Mike Brown will be named the new head coach of the Los Angeles Lakers, unless something happens to derail the seemingly inevitable at the last minute. Since the news broke Tuesday that Brown was in serious talks with the Lakers, there's been mixed reaction. Some have noted that Brown's impeccable defensive record and solid credentials make him a great fit. Others have resorted to snark overload.
Both reactions are fair. Brown is a good coach at the very least; it's not easy to build a world-class defense, and Brown regularly had the Cleveland Cavaliers near the top of the NBA in opponent efficiency. Cleveland finished in the top seven in defense three times in six years under Brown, despite few quality defenders beyond LeBron James, Anderson Varejao and Anthony Parker. That defense and LeBron's singular offensive greatness led the Cavs to gaudy records and an NBA Finals visit in 2007. Brown deserves a lot of credit here.
At the same time, he proved to be completely incapable of building an offense that wasn't completely predicated on high screen-rolls for LeBron and isolation plays. Though the Cavs did have a great offense in 2008-09 and 2009-10 -- Brown's final two seasons -- these were considered products of assigning John Kuester as an offensive coordinator. Kuester was hired by the Detroit Pistons in 2009, and Mike Malone took over those duties, and the offense was great during the '09-10 regular season. But most great head coaches don't need that sort of outsourcing, not in the NBA. Ones that do make up for it by giving off the vibe they are otherwise indispensable on the sidelines; Doc Rivers, who leaned on Tom Thibodeau and now Lawrence Frank, comes to mind.
But here's the thing: the Lakers need help for their defense way more than they need help for their offense. While L.A. finishes No. 6 in both offense and defense this season under Phil Jackson, the defense crumbled in the NBA Playoffs. Chris Paul diced through the Lakers' defenses in the first round; a combination of Dirk Nowitzki and the Dallas Mavericks' shooters was just deadly in L.A.'s four-game second-round exit. The Lakers lacked commitment, organization and the right tactics against Dallas. That comes down on the players for not figuring it out, yes; this is a veteran team who knows what it takes to win in the postseason. But from my vantage point, it looked like the Lakers weren't prepared to deal with the Mavericks' attack.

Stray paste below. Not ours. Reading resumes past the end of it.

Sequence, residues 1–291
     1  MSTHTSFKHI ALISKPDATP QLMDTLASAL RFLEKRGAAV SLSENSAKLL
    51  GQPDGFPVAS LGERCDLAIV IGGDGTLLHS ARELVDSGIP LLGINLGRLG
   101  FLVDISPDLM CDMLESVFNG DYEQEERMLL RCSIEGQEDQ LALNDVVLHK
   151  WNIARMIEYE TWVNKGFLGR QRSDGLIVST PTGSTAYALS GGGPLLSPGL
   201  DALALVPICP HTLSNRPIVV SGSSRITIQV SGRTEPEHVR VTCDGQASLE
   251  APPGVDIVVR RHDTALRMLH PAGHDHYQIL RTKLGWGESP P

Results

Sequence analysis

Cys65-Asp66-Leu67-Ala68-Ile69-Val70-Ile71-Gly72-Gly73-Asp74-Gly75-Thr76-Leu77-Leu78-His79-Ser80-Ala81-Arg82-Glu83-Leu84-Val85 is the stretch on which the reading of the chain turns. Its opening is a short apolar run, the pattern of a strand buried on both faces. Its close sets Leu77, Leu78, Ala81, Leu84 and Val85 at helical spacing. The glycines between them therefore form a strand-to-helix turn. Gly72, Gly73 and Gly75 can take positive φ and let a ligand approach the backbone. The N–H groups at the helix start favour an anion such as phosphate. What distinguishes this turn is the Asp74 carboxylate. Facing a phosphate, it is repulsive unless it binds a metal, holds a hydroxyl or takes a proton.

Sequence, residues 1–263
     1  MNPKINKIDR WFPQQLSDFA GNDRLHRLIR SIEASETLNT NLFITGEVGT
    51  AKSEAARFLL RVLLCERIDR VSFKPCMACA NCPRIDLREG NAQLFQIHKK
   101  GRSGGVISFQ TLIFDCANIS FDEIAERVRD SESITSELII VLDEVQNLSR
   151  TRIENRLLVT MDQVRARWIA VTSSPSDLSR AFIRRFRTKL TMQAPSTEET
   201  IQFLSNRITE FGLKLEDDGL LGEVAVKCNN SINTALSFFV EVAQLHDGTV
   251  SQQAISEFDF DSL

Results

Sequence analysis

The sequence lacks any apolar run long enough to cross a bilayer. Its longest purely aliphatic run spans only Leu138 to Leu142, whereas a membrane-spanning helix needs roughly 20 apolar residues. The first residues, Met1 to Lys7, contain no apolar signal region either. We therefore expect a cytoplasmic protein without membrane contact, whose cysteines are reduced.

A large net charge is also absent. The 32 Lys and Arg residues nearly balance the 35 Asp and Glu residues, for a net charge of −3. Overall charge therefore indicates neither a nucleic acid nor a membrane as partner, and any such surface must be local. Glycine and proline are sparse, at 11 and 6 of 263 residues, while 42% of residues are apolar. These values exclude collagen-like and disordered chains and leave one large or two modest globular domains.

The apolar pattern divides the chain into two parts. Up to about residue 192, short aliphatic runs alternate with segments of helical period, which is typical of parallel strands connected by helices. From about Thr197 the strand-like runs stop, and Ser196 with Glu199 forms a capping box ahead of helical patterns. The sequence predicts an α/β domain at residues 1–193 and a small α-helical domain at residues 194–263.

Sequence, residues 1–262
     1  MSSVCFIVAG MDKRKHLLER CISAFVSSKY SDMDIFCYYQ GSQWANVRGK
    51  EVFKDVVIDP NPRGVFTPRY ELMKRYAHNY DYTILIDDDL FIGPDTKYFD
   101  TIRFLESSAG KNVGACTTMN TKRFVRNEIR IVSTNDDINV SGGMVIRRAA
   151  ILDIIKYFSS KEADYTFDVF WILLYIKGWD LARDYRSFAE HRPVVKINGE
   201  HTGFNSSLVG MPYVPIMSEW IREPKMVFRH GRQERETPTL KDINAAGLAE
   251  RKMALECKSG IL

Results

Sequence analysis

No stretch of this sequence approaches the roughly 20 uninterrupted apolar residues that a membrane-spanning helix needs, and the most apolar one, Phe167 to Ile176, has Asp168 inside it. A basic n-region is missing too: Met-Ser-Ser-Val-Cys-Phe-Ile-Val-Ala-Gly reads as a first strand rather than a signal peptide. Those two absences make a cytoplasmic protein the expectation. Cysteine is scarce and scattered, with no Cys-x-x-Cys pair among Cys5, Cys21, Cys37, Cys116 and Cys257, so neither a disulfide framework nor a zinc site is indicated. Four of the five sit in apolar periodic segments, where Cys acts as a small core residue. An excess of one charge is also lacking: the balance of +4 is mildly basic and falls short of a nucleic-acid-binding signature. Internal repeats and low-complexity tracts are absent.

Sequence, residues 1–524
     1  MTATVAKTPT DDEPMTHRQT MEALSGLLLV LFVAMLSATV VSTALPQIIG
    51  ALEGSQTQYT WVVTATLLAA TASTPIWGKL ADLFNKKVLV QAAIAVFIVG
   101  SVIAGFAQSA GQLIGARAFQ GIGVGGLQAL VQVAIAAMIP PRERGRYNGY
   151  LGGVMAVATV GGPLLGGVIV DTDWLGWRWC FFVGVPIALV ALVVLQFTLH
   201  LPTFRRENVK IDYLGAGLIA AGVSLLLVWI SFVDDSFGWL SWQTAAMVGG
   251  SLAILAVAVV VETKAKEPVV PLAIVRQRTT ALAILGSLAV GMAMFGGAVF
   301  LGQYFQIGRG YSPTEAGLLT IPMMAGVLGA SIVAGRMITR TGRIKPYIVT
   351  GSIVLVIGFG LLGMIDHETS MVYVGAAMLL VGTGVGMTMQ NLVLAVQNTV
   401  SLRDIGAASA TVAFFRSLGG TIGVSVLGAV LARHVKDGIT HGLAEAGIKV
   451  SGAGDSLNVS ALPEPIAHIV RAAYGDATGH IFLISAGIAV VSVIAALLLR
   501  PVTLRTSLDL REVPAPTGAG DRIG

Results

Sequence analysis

Under Brown, they'll be prepared; there's no question about that. Jackson is famously chill on the sidelines, in terms of directing traffic, especially on offense. He has instilled a system (the Triangle offense), he has taught the system, he trusts the system, he trusts the players to implement the system. He chills. Brown may not have that conviction of a system, but like Jackson he'll trust his players to make the right plays.
In fact, if we make a visit to my old friend, the Coaching Tri-force Classification System, Jackson and Brown aren't that different at all.
The target locates the coach's preference on the Gameplay Style Diamond, with the inputs being pace (north-south) and defense vs. offense (east-west). The Anger Index (outlined in white) measures a coach's propensity to scream and make rash substitutions. The Rookie Scale measures a coach's willingness to accede to beautiful youth; the Gravitas Spectrum measures a coach's gravitas (duh). There was once a rigorous statistical formula assigned to the Tri-force Classification System, but that's fallen out of favor among scholars in favor of seat-of-the-pants guesswork.
Considering that Kobe Bryant is the leading shot-taker for L.A., Brown's mix of chillaxness and lack of clout could be tricky; we could see the first 78-shot game in modern NBA history. But otherwise, Brown seems like exactly what the Lakers need: a defensive tactician who will let Kobe and Pau Gasol be who Kobe and Pau need to be.
The question is how the politics of bypassing Brian Shaw -- Kobe's chosen candidate -- and declining to ask Bryant's opinion on Brown affects the team dynamic. We've seen Obstinate Kobe, and it's not a good look for anybody. Especially a Lakers coach. As with everything in L.A., everything concerning the Lakers: drama can tear it all down.